If you are wondering what all this Digital Humanities stuff is all about, you might want to check out this list by the CUNY Digital Humanities Initiative of digital humanities related course syllabi.
The site is newspapermap.com and the name pretty much tells you what this website does. The map at newspapapermap.com locates major and not so major newspapers of the world and provides links to these newspapers online. A very nice feature of the site is tthat the markers are color coded according to the language in which the newspaper is written, for the top 8 spoken languages, providing an interesting linguistic map of the world.
Via ProfHacker in the Chronicle is an interesting write-up of an English professor’s experiences with giving students the task of mapping locations from a novel. The novel in this case was Virginia Woolf’s Mrs. Dalloway.
Other literary maps can be found at GoogleLitTrips.org
PULSe – the Princeton University Learning Series is a new IT learning opportunity that supports many of the technologies OIT makes available. Faculty, staff, and students – anyone with a Princeton netID – can participate in the live Friday afternoon webinars or access recorded tutorials on available services such as SharePoint, Roxen, and WebSpace. PULSe maintains a presence on Twitter and Facebook where additional resources are shared. In this Productive Scholar session, you will be introduced to the site, its features, and the iLinc web conferencing system that is used to present the weekly webinars.
Lynda.com is a California-based company that offers online training materials on popular software platforms, web applications, and consumer technology. Some are short introductions to a new technology or software package. Others are in-depth instructions on software applications or suites. Continue reading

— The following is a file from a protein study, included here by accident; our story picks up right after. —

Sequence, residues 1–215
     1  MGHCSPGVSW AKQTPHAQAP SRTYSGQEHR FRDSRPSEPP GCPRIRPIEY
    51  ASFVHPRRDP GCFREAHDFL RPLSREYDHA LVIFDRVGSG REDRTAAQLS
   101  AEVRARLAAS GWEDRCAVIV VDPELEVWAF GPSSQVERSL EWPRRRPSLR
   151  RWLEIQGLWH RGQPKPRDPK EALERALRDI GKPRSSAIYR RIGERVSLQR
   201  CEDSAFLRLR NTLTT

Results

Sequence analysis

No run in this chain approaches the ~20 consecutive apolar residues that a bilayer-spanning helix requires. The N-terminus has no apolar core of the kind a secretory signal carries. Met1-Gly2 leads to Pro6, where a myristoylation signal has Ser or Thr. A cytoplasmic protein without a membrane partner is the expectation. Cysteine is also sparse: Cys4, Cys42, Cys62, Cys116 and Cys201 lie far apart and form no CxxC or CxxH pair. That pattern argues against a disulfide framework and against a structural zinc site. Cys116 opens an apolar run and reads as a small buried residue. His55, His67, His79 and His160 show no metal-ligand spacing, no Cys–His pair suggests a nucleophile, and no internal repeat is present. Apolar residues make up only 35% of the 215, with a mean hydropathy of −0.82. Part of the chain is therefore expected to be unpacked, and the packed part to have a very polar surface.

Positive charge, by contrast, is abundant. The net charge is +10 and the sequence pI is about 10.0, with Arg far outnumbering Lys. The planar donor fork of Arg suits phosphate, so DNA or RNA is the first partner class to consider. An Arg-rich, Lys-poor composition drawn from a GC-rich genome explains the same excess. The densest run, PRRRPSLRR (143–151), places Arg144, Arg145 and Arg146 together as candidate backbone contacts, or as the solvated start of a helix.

Curtis Hillegas and a team of Princeton facilities staff members, technologists, scientists and external vendors have envisioned and executed the new data center being built at the Forrestal Campus. Begun in September of 2008, The Center will open later this year. The new data center will allow the University to migrate away from its current data center, meet its ever-growing research needs, and make better use of the power consumption involved in data processing.
Hillegas says that Princeton needs a new data center because the existing center, a building built in the 1960’s–and showing its relative age–needs an upgrade. The reasons for moving the operations to a new location rather than fixing or rebuilding the existing center include the fact that contemporary data centers tend to make a lot of noise because of huge, loud generators, and since the existing center is in a residential area, this could cause a noise problem for the community. There is also a lot of groundwater at the current location, which is inherently dangerous to data centers. There is a need for 5 megawatts of power, and fire-suppression technologies, both of which are easier and more cost efficient to build from scratch than to retrofit. Ideological reasons exist as well.
Research computing is growing at Princeton. Computational capacity requirements double every year at the University. The new facility will allow for far greater productivity in processing data. In fact, one goal of this center is to reach the processing equivalent of 10% of the national supercomputing facility. Hillegas said that he has been asked why cloud-based data crunching wouldn’t work for Princeton. He explained that cloud computing works best for services like Gmail, everyday end-user applications that do not require, for example, low latency (a very fast response time). Research computing needs proximate, controlled nodes with guaranteed connectivity and dedicated resources. Power supply is another key reason to move the facility.
Hillegas talked about the benefits of the new data center in terms of PUE, or Power Utilization Efficiency. This number, expressed in watts, represents the power entering the data center dived by the power actually entering the servers. For example, a 100 watt server in the current data center might actually require 220 watts to run. The actual PUE of an average departmental connectivity closet is around 300 watts. The more efficiently the power is used for its intended purpose, the lower the cost of the center.
The primary goal of the new data center is to meet Princeton University’s ever-increasing research and administrative service needs. Other goals are that it will likely remain useful through 2020, utilize the university’s resources more effectively, and make the best possible use of natural resources. Hillegas feel that the new data center will meet or exceed expectations.